The Texarkana Moonlight Murders

Throughout 1946, a menace began to plague the area of Texarkana. From February to May, a killer that went by the name of “The Phantom” struck four times, leaving behind five victims and three survivors. Despite the inclusion of state and federal officials, this investigation struggled to identify any suspects… and “The Phantom” would go on to become the area’s boogeyman.


Part One: The Phantom

Friday, February 22nd, 1946.

25-year old Jimmy Hollis and 19-year old Mary Jeanne Larey were on a double-date with Jimmy's brother, Bob.

The two couples had gone out to dinner earlier that evening, and then enjoyed a movie at a local theater. Some time after 11:00 PM, they decided to call it a night, and began heading home.

Jimmy had been driving the other three, and since his date, Mary, lived with her family out in Hooks, Texas - about twenty miles west - Bob and his girlfriend asked to be dropped off first. Jimmy and Mary obliged, as this would give them a little bit of time to themselves.

On the way out to Mary's house - which, again, was in a small town to the west calls Hooks - the young couple decided to stop by a secluded lovers' lane. This was an unpaved, unnamed area, just off of Richmond Road.

Despite being just outside of a suburban area - about 100 or so yards from the nearby Beverly housing development - this road was very quiet. Still surrounded by trees almost eighty years later, the area that is now known as the 700 block of Richmond Road - near what is now Stevenson Street - was as isolated as any spot in Texarkana.

It was quiet, desolate, and secluded: the perfect place for two young lovers to slip off and enjoy each other's company.

The two arrived at the quiet spot at around 11:45 PM. They were there for about ten minutes, before a presence appeared at the driver's side door.

It was a man, shining a bright flashlight into the car. It was disorienting and blinding, but both Jimmy and Mary could see that the man was wearing a white cloth mask. They would later recall that it looked like a pillowcase, which had small holes cut into it for the man's eyes to peer through.

Jimmy seemed to think that this was a prank, telling the strange man that he had the wrong guy. However, any hope that this was a light-hearted joke disappeared when the masked man revealed that he had a gun, and he ordered the young couple out of the parked car. His threat was directed at 25-year old Jimmy.

"I don't want to kill you, fellow, so do what I say."

Though horrified and hesitant, the young couple complied. Both exited the car through the driver-side door, noting that the masked man was taller than both of them. He continued to shine his flashlight at them in one hand, the other gripping his pistol.

Once Jimmy and Mary were out of the vehicle, the masked man ordered Jimmy to take off his pants.

"Take off your goddamn britches," the masked man demanded. Again, Jimmy hesitated, but now even his worried date insisted that he follow the orders given to him.

So, Jimmy unbuckled his belt and took off his pants, before the masked man took a step forward. Mary, disoriented by the bright flashlight, described what happened next.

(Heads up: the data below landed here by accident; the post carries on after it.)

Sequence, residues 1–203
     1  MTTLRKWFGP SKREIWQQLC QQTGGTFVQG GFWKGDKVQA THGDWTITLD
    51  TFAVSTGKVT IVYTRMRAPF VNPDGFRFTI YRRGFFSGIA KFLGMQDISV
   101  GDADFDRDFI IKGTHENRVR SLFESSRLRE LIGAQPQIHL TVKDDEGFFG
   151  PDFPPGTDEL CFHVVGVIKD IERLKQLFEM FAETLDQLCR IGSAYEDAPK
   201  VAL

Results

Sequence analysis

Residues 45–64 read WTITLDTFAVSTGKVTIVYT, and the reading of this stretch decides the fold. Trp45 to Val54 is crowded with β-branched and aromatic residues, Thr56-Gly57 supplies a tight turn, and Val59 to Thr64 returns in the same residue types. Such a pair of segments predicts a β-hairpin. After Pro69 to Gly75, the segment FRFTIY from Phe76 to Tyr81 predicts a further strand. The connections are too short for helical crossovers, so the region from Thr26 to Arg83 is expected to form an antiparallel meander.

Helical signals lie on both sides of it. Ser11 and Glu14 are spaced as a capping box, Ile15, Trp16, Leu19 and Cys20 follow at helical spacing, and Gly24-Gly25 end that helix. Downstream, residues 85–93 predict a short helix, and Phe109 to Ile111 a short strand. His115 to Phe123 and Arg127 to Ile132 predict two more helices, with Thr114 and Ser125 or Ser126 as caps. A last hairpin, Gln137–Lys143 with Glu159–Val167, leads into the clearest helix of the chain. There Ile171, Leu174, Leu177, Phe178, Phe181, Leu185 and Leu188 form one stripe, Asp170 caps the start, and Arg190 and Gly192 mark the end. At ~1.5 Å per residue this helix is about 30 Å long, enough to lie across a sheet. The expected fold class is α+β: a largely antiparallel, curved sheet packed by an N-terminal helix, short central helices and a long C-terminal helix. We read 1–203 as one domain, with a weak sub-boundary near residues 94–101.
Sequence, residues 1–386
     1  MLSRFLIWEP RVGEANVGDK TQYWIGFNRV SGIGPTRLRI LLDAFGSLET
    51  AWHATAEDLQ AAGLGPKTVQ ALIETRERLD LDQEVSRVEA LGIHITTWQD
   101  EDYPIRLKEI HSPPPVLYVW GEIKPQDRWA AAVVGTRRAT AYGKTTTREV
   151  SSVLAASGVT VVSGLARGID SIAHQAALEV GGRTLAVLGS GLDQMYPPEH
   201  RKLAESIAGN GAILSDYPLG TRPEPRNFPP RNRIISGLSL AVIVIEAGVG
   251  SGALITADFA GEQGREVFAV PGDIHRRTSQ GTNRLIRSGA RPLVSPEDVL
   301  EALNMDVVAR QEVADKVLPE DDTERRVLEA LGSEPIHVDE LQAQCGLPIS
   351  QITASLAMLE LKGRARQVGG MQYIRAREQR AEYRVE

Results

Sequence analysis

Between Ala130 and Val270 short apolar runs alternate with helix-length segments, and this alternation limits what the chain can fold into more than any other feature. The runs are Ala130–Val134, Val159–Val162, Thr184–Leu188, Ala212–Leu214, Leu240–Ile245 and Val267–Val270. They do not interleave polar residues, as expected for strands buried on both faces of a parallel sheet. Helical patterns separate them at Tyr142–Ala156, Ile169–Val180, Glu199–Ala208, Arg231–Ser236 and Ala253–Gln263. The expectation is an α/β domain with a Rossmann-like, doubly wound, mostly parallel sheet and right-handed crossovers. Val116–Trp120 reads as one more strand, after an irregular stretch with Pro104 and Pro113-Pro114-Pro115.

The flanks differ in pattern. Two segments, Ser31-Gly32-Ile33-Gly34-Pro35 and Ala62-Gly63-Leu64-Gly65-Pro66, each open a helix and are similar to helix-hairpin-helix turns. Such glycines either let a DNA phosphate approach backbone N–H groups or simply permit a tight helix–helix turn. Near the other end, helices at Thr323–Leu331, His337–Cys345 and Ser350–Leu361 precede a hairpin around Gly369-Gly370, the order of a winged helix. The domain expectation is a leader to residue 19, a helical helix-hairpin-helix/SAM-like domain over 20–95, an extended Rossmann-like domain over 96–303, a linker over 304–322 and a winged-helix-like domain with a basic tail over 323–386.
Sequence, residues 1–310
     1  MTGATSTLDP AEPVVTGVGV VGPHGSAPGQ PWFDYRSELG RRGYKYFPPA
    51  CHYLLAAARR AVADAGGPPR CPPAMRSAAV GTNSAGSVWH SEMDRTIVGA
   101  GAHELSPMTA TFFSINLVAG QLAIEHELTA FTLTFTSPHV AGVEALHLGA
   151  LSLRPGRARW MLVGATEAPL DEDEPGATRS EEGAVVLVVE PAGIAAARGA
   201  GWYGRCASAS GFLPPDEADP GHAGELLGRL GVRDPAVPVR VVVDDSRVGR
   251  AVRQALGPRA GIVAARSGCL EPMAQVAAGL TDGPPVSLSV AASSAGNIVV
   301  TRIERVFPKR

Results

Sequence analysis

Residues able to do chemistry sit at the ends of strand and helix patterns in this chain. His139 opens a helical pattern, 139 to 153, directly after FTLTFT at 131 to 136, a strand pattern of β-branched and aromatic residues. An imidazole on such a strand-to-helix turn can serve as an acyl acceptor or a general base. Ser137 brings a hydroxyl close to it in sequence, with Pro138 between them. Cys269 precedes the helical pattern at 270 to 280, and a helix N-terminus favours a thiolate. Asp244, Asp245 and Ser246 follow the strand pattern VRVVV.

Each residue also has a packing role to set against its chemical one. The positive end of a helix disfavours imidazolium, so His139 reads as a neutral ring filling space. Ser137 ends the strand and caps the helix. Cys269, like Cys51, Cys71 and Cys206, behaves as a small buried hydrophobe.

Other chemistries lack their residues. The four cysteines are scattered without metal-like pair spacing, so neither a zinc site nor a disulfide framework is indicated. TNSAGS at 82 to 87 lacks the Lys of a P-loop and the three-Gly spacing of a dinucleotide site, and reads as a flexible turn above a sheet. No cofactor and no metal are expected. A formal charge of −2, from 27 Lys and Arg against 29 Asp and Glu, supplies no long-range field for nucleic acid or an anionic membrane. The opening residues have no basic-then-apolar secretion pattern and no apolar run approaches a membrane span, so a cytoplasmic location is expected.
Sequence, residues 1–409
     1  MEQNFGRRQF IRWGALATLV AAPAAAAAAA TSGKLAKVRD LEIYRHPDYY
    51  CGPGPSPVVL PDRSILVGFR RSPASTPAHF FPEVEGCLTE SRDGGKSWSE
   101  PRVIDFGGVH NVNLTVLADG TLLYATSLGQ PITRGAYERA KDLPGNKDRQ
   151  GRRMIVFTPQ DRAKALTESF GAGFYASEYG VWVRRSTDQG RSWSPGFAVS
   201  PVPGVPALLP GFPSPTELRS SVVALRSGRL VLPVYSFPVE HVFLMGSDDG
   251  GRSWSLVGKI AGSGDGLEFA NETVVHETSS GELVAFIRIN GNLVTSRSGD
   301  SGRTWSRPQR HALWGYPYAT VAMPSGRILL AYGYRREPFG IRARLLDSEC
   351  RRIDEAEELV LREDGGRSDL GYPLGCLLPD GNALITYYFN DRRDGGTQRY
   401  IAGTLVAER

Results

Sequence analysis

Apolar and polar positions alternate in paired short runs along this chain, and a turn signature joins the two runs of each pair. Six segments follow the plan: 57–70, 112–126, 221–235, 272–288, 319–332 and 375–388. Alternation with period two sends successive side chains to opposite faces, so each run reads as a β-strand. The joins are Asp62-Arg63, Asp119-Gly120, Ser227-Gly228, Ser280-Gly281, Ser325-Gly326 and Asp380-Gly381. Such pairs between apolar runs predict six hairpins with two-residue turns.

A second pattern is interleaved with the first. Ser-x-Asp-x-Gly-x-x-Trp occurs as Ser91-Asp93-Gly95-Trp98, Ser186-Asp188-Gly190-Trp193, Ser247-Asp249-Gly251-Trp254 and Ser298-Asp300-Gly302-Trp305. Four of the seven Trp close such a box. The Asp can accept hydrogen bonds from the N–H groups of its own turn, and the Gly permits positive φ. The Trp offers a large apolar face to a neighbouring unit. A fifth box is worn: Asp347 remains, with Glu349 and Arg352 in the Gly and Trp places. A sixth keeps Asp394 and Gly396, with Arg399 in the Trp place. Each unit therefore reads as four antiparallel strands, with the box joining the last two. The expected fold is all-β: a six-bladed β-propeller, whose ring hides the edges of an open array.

"After Jimmy had taken off his trousers, the man hit Jimmy twice on the head. The noise was so loud I thought Jimmy had been shot. I learned later that the sound was his skull cracking."

Jimmy Hollis' skull was instantly fractured in multiple spots. Mary, thinking that they were falling prey to a robber, immediately began pleading with the masked man.

"I picked up Jimmy's pants and took his billfold out of his pocket, and I said, 'Look, he doesn't have any money,' but the man told me I was lying and he said that I had a purse, but I told him that I didn't. Then he hit me, I thought, with a piece of iron pipe and knocked me to the ground, but I managed to get up."

Mary was struck with either the attacker's firearm or flashlight, and hit the ground. She stood, panicked and in pain, before being ordered to run. She didn't need much more instruction.

Mary Jeanne Larey ran towards a nearby ditch, but the man called out behind her, ordering her to run up the road, in the opposite direction. He clearly didn't want her disappearing into the treeline, wanting her out in the open. By all indications, it seemed like he was hunting the 19-year old.

Mary then began running towards a vehicle up the road, hoping that someone might be inside. Unfortunately, the engine was cold and no one was inside.

At around this point, the man - who had apparently been following her - caught up to Mary.

"Just as I got past the car, the man overtook me."

The masked man demanded to know why Mary had been running away from him. In a moment that seems almost comical, in retrospect, she told him that he had ordered her to do so at gunpoint. Again, the man called her a liar, and shoved her to the ground.

There, the man proceeded to sexually assault Mary, using the barrel of his pistol to do so.

It was around this time that Jimmy - whose skull had just been fractured, moments beforehand - began to come to his senses. He was in agony and confused, struggling to regain his bearings. He noticed that Mary, his date, was missing. So was the masked man, who had just accosted them and disappeared with his pants.